Senior Speeches: Jonus Sabani ’19

December 20, 2018

My family and I experience poverty first-hand every year when we travel back to my parents’ homeland of Macedonia. 

Each year, seniors at Shattuck-St. Mary’s School deliver a speech to their peers on a topic of their choosing in the Newhall Auditorium. Often equal parts clever and moving, emotional and personal, each speech offers a glimpse into the lives, experiences, struggles, and triumphs of SSM seniors.

Throughout the 2018-19 school year, we will share these speeches with the SSM community and hope that you enjoy the humor, wisdom, and powerful reflections conveyed by our senior students.

We all have our struggles. Through sports, school, and social life, Shattuck students are tested by life one way or another, and hopefully they successfully persevere through these obstacles. These hurdles build character and personality in all of us.

Yet there is one struggle in life that many privileged Shattuck students have never experienced: the struggle of poverty. Being in a private boarding school really puts us in a bubble. From the three meals a day, to our new Hub being built along with the new sports complex, all we see and experience is prosperity, the fruitful life of the rich. But did you know that more than 41 million people in the United States are living in poverty and that essentially half the population on earth is living in poverty?

My family and I experience poverty first-hand every year when we travel back to my parents’ homeland of Macedonia. My parents are Albanian, but grew up in Macedonia. When they were young, this part of the world was in turmoil as former Yugoslavia broke into six separate countries. Several members of my family fought during this chaotic civil war.

Due to this fact, opportunities in Macedonia were limited, so when my parents were in their early twenties they left Macedonia for a better life. For the first couple of years in America, my dad worked 17 hours a day, while my mom  busted her tail working as a clerk. They are now proud owners of their own business, which took literal blood, sweat, and tears to build. My parents take me back to Macedonia every year for family, but it shows me the true struggle of a poverty-infested area.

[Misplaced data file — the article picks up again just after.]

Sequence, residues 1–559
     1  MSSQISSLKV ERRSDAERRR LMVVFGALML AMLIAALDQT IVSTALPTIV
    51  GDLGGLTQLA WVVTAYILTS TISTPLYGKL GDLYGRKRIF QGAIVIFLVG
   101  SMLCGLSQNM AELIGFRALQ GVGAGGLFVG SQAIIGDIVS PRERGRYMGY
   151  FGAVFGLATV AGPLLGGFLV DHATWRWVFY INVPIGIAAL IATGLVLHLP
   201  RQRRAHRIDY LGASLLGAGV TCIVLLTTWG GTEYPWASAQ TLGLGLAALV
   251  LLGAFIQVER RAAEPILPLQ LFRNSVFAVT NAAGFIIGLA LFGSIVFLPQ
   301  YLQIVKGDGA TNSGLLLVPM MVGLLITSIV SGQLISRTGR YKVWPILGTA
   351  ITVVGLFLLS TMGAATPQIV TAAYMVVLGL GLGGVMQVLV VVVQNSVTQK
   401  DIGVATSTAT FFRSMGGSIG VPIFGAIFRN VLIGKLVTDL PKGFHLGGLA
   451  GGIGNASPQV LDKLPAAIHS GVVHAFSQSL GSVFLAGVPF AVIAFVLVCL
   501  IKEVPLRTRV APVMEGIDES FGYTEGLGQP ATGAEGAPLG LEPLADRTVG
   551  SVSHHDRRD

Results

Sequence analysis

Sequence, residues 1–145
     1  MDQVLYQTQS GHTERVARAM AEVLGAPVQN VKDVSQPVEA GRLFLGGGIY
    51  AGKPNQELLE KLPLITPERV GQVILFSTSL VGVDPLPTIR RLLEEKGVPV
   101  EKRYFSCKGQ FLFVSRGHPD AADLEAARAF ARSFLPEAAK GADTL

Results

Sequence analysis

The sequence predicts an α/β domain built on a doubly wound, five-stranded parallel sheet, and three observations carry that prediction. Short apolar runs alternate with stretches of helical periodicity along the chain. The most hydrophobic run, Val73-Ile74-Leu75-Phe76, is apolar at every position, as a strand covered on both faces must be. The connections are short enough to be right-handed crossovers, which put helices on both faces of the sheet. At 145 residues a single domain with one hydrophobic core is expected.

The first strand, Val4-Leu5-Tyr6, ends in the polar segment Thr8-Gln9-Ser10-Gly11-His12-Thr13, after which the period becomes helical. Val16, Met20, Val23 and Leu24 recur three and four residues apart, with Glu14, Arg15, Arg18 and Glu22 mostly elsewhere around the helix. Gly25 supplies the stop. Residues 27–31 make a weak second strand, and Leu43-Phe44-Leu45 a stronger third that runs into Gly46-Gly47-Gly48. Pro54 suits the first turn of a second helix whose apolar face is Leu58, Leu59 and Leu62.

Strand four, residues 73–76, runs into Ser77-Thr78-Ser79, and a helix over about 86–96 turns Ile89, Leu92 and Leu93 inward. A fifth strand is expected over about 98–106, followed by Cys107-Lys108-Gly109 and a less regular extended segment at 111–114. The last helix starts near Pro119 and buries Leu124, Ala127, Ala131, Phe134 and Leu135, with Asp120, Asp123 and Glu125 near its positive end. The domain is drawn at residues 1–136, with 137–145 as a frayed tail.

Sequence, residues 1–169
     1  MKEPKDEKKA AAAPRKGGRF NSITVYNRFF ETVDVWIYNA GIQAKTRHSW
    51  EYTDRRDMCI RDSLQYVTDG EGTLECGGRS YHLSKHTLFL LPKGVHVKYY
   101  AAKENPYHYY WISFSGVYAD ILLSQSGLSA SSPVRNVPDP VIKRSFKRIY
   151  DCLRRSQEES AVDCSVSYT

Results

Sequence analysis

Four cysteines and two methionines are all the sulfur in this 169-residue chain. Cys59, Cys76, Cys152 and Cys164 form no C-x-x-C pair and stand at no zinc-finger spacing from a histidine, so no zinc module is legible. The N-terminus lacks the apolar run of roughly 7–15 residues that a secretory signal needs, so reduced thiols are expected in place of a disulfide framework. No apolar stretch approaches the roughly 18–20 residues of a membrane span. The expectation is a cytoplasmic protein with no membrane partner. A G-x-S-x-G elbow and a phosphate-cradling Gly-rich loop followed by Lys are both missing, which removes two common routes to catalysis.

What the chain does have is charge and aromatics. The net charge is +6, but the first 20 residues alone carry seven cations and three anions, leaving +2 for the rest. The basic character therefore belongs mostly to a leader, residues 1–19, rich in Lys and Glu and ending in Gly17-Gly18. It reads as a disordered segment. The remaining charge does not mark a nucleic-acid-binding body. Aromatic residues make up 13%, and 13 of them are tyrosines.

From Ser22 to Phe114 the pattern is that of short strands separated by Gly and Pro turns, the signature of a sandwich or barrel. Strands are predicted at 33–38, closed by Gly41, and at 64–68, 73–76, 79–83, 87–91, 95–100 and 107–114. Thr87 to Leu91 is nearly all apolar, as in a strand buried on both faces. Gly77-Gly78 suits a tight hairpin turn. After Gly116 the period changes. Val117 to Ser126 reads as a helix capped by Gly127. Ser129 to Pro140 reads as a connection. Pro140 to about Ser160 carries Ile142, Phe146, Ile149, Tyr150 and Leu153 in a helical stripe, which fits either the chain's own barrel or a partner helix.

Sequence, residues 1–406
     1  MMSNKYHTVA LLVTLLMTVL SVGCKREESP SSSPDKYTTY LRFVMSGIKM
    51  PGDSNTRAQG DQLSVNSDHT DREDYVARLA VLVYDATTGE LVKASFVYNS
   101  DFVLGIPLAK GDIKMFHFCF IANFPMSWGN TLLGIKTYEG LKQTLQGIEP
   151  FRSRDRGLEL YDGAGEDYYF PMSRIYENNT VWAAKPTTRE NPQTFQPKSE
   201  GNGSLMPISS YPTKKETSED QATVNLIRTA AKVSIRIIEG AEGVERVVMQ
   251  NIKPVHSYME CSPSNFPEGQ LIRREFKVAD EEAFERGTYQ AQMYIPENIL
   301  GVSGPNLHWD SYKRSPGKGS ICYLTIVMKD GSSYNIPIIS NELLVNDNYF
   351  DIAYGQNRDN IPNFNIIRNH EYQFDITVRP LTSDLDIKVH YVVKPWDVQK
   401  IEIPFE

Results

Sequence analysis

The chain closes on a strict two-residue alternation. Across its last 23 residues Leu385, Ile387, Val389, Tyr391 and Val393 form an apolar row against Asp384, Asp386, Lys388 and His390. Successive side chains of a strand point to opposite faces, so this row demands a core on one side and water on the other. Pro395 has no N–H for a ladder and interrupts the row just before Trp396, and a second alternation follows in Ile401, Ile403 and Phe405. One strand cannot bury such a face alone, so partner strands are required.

In Macedonia, there is no bubble protecting people from the hardship of poverty. Unemployment rates are at a staggering 20 percent, compared to America’s 4 percent. Many of the employed are underpaid, living on less than 20 dollars a day. I remember one day walking the streets of Kercove, Macedonia. I was going to the grocery store. On the sidewalk I saw a very old man. He had been born without arms, he was missing one of his legs, and could barely speak properly. He was sitting on the side of the street asking for money. Which is more typical than one might expect. In other cities of Macedonia, the streets were people’s home, the alleyways their bathrooms, and rainwater their showers. Witnessing poverty to such a degree affects you mentally without you even acknowledging it.

Having seen the effects of poverty, it most definitely makes me more frugal and mindful of how I spend my money. But it also makes me more thankful for the things I have. Getting to know more Shattuck students, I see that most of us really don’t know how well off we are. With Range Rovers, BMW’s, Rolex’s, and the only clothing many of us have is Lulu, “I’ve gotten everything I wanted” is a statement I have heard more here in four short months than I have my whole life before. Even with all these luxuries, some of us are still not satisfied.

So, my fellow classmates, I implore you to not take for granted what you have. Opening your eyes to this hidden epidemic, will show you how truly lucky we are. Our families work incredibly hard to give us opportunities like no others. During this Christmas season, I hope you enjoy time with your family, but also think about those that don’t have as much you.


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